Feeling too stuffed is a sensation I prefer to keep to a minimum. (Though, I feel very fortunate and blessed to live a life that extends these opportunities.)
Eating stuffing, however, is an experience I could welcome all times of the year, multiple days per month. The taste bud lingering flavors of sage, rosemary and thyme create a combination from which I rarely tire. Although, I must say all that bread that embodies the traditional recipe could eventually make my body say “no more”. No part of me is an anti-bread, low-carb advocate, especially when we’re discussing whole grains. But too many meals of it probably isn’t the optimal choice.
Instead, I’ve created a variation of which no one could debate its healthiness, utilizing quinoa – a protein and fiber filled superstar of the grain world. It just so happens it’s gluten-free, too.
Granted, I wouldn’t go so far as to call this stuffing, particularly if you consider yourself a stuffing junkie. It’s a tad more on the chewy side in comparison to its fluffy, conventional counterpart. However, it’s certainly a wonderful, healthier alternative with all the same flavors, and will make your body feel good, too.
Click here for recipe…
I am ridiculously excited for Thanksgiving! I can’t wait for the winding drive back to the country, the welcoming slobber from my dog, and my mom’s Thanksgiving stuffing cooking in the kitchen. Her stuffing is hands down my favorite part of every holiday meal. It’s always brimming with fragrant whiffs of sage and thyme that have me going back for one too many samples while she’s tweaking it on the stove. “Grace, keep your fork out of the pan!” It’s a yearly tradition…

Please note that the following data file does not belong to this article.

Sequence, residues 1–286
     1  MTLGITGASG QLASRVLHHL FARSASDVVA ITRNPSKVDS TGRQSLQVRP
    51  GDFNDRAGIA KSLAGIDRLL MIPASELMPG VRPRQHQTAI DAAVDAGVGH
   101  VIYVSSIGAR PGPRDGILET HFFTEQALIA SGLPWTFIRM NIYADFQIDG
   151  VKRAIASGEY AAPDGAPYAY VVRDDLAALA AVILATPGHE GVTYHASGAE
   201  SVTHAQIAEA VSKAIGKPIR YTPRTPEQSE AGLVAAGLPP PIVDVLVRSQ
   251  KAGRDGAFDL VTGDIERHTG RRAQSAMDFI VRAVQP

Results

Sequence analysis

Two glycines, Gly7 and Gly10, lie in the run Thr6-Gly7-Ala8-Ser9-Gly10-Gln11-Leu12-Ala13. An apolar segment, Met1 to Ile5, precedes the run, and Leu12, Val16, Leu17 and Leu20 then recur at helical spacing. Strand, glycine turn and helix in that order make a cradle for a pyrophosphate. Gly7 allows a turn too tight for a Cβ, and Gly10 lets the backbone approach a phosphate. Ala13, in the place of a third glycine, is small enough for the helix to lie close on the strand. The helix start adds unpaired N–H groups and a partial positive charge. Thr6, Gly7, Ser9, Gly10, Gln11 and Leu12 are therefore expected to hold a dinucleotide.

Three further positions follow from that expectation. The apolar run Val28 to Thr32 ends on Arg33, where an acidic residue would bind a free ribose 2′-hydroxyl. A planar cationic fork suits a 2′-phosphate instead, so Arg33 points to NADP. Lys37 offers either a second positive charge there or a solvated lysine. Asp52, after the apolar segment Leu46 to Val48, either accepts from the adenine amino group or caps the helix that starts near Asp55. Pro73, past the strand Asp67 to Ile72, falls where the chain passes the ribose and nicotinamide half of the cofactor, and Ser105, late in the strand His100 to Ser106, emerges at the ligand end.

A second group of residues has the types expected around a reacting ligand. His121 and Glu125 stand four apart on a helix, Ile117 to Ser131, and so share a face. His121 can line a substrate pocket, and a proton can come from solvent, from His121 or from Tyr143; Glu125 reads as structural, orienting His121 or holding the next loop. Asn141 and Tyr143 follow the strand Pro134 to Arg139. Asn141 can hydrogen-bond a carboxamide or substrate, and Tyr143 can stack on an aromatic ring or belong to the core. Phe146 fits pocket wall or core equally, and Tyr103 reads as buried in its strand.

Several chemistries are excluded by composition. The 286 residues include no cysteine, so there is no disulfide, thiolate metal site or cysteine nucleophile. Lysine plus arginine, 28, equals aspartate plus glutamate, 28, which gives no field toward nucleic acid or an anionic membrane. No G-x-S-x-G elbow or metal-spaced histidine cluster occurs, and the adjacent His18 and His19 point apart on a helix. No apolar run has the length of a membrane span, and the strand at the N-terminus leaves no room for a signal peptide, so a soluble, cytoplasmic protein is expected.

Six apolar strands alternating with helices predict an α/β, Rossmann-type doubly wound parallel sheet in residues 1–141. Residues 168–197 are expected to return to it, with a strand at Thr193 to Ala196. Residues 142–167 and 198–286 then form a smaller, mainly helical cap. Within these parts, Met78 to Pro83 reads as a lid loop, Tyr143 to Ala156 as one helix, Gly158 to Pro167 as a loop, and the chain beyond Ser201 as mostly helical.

In anticipation of her stuffing, I tested out this recipe I found via the NY Times to bring to one of the pre-Thanksgiving potlucks I was attending. I thought about calling my mom for her recipe, but then I decided I’d wait for her to feed me her signature dish. Just like Saturday morning omelets, it’s always better when Mom makes it.
I love the NY Times vegan collection they always publish leading up to the holidays. This particular recipe got bookmarked because I thought the healthy version of stuffing would bring a lot to a table full of heavy traditional dishes. Plus, ever since I started cooking quinoa, I haven’t gone back. I love the nutty grain, almost as much as I love toasted pecans.
I found the original version to be slightly bland, so I upped the traditional stuffing seasonings, adding an extra dose of sage and thyme. It’s a light and savory dish that would lend itself well to any Thanksgiving feast. It has all the flavor of stuffing, without that heavy bread feeling you get after finishing a pile of the standard version. I’ll definitely be making this again after the holidays finish up.